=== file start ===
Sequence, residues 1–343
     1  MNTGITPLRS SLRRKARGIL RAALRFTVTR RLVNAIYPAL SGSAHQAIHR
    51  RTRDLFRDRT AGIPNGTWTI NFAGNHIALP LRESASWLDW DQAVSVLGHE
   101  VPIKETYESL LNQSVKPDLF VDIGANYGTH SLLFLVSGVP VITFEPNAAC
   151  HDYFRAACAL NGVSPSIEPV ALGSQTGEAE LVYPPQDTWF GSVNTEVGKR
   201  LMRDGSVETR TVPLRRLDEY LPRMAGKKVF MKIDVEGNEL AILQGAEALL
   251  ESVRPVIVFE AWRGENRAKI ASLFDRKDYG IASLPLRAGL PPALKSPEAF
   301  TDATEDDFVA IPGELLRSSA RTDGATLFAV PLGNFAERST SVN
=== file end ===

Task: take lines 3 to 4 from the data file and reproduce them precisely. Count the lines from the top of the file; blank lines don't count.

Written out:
    51  RTRDLFRDRT AGIPNGTWTI NFAGNHIALP LRESASWLDW DQAVSVLGHE
   101  VPIKETYESL LNQSVKPDLF VDIGANYGTH SLLFLVSGVP VITFEPNAAC